Quarantine Meditation: March 25, 2020

My emotions are having a hard time processing the Coronavirus stats. My breath stops every night when I turn on the evening news. Yesterday, another 743 people in Italy died. 514 in Spain. 163 in the U.S. Supposedly the virus will peak in the next 14 to 21 days here in the U.S. My country is a giant hospital right now. Most of us are in the waiting room, bracing ourselves for what is yet to come.

Let me just say, as a Christian, I am afraid, too. I am afraid of what I will see happen over the next two to four weeks, and then over the next two to four years. I am afraid of what this war will cost us. I haven’t lost anyone I know or love, but nothing guarantees that I won’t. Shortage has seemed the global theme—not enough time, tests, masks, gloves, gowns, ventilators, hospital beds, help. Even two trillion dollars doesn’t seem enough to stimulate the economy enough to revive it. It doesn’t seem enough. Then again, neither did the five loaves of bread and two fish.

Still, it feels wrong to eat eggs and bacon in comfortable quarantine this morning while Spain is filling an ice rink morgue with deceased bodies, friends are losing their businesses and jobs, and hundreds more will die today. People are dying every hour, as in this hour! I am already grieving for them. Though I try, I can’t fully enjoy my food. I can’t fully enjoy my home. I can’t fully enjoy my kids. (By the way, “sheltering in place” disqualifies our school-at-home experience from true, life-giving homeschooling.) I am distracted and disturbed by the current events. And I cannot disconnect myself from them. The signs on the supermarket shelves are right: “Limit 1 per customer. We are in this together.”

How to prepare for the events that are expected to unfold over the coming weeks? Let’s use our fears to be the people we’ve always intended to be: Write love letters to our children. Send texts to say “I love you” and “Thank you.” Humble ourselves to ask, “Will you please forgive me?” Confess the sins we already know we’ll need to admit one day.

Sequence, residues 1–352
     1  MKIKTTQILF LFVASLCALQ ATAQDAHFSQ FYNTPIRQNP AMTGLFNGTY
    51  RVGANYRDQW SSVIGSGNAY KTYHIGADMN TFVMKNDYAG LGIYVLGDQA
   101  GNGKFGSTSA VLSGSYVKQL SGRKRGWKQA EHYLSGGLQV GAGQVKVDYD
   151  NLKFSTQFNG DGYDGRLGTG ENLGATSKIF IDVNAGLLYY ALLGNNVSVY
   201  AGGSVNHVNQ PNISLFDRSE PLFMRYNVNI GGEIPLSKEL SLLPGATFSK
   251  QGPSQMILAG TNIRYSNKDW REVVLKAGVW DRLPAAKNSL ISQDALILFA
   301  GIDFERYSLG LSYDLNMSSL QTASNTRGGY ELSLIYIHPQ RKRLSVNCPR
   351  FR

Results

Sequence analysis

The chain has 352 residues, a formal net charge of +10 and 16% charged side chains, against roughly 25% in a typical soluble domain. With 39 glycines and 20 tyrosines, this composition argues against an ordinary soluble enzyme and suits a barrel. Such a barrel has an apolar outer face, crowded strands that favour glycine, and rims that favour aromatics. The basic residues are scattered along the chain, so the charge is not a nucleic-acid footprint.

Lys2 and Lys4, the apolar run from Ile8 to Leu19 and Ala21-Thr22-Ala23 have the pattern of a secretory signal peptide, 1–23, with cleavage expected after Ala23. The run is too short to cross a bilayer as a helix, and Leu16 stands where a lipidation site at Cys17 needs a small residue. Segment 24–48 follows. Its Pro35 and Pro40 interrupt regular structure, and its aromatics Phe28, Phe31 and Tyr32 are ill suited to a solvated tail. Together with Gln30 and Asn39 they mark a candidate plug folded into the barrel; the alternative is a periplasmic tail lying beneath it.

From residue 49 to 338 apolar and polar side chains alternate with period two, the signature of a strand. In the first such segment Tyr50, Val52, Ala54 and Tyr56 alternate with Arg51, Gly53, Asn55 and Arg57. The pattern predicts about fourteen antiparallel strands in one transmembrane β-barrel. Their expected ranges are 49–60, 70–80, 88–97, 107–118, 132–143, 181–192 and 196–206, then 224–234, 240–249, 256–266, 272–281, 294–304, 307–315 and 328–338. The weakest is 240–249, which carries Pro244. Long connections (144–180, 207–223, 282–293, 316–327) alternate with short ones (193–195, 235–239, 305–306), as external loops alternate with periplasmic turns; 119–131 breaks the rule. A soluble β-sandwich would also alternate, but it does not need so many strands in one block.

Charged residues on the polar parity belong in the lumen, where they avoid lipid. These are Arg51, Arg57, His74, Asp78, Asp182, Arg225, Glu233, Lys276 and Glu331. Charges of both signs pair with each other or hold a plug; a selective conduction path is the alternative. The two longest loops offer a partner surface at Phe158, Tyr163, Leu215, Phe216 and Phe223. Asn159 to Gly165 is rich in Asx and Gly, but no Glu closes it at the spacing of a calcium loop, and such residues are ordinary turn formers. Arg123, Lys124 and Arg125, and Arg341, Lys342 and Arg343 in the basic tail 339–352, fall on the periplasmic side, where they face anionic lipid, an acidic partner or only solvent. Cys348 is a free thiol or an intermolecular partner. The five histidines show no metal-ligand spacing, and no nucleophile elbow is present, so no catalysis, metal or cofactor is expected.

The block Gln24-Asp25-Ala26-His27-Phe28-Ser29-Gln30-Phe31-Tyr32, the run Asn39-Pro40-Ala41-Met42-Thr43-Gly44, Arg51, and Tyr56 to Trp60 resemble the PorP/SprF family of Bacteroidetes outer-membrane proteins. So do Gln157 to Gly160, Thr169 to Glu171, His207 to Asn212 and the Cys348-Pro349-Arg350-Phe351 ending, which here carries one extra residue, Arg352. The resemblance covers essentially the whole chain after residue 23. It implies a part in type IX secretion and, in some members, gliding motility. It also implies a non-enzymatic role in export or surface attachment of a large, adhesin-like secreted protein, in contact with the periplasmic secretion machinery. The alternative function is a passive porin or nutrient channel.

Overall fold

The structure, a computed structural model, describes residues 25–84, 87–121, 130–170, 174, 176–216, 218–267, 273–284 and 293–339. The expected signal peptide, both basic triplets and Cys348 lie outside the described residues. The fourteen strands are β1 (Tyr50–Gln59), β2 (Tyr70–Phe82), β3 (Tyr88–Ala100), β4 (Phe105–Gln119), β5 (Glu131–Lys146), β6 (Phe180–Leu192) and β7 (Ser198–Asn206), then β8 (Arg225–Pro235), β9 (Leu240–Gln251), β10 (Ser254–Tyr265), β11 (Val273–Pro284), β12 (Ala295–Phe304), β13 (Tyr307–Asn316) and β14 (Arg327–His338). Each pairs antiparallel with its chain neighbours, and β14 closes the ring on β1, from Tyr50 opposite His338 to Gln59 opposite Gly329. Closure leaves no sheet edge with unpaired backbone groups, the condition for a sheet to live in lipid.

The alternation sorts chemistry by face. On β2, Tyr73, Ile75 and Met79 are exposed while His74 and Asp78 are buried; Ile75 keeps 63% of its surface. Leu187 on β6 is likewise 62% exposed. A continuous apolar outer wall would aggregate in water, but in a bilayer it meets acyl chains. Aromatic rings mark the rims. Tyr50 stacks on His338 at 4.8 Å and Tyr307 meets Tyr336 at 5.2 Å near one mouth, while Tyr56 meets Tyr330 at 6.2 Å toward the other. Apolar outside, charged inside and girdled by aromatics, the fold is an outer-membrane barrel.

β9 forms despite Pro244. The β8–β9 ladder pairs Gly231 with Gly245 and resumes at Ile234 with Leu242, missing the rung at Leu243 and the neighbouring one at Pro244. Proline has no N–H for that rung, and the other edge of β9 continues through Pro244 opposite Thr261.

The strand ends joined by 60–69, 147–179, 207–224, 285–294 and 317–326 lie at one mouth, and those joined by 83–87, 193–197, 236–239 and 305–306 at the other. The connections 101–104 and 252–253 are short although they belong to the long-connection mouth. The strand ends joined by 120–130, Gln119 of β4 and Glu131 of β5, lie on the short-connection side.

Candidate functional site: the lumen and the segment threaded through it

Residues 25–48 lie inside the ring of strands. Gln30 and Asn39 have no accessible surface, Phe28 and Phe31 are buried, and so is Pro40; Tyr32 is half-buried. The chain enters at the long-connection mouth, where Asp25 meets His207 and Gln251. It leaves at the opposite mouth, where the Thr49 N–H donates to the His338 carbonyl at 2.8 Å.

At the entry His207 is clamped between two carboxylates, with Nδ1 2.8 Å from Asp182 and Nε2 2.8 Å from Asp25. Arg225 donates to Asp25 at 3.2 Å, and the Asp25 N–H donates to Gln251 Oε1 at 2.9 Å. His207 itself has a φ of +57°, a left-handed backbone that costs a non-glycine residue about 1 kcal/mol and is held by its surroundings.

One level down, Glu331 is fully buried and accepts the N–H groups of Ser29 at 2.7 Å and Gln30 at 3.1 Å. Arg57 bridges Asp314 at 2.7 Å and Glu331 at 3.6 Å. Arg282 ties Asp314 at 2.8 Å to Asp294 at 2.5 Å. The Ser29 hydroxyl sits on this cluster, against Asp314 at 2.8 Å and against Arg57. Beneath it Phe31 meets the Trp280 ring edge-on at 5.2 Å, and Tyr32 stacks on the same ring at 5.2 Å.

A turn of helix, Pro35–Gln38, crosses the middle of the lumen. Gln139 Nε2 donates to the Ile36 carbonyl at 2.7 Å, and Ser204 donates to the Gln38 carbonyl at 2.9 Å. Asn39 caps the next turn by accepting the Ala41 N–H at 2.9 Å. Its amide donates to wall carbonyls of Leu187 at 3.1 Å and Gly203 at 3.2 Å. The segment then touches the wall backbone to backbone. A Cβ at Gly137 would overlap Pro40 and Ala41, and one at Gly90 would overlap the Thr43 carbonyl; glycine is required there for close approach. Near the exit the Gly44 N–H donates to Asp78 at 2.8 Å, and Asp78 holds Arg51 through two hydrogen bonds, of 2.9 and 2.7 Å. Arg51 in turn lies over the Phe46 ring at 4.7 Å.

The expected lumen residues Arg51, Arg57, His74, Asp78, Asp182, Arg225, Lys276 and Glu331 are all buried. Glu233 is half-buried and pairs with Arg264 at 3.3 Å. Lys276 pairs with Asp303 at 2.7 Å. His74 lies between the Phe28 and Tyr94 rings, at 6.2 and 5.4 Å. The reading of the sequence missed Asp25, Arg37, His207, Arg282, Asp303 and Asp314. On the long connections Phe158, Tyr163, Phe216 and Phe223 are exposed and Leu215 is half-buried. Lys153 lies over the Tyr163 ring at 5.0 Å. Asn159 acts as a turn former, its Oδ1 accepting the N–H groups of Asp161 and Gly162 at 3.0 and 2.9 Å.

Most importantly, let’s secure our eternal destinies by bowing victoriously before the throne of grace, where we will find Jesus, who earned our righteousness for us with His life, and paid the cost of our sins with His death. Forgive us, God, for denying and resisting Your sacrifice for our salvation. Help our unbelief!

Finally, though the thought gives me chills, let’s prepare to suffer well. Thank God we never suffer alone; we always suffer with Him, with Jesus, and therefore with promise of resurrection.

“We are afflicted in every way, but not crushed; perplexed, but not driven to despair; persecuted, but not forsaken; struck down, but not destroyed; always carrying in the body the death of Jesus, so that the life of Jesus may also be manifested in our bodies.

For we who live are always being given over to death for Jesus’ sake, so that the life of Jesus also may be manifested in our mortal flesh. So death is at work in us, but life in you.” -2 Corinthians 4:8-12

Let us live with careful intention, maximizing these days.

Author: Brenda Jung

I'm a mom of three (ages 12, 10, 9) who loves to read, write, speak, and teach. I'm always thinking about the Gospel and its implications for our lives. For the past seven years, I have served as Director of Children's Ministry for my church in Chino, CA. Currently, I'm working on a book called "This Little Life: Glorifying God with Smaller Dreams" and challenging myself to "practice in public" by sharing my ideas with you. I hope you'll be blessed! Every blessing, Brenda

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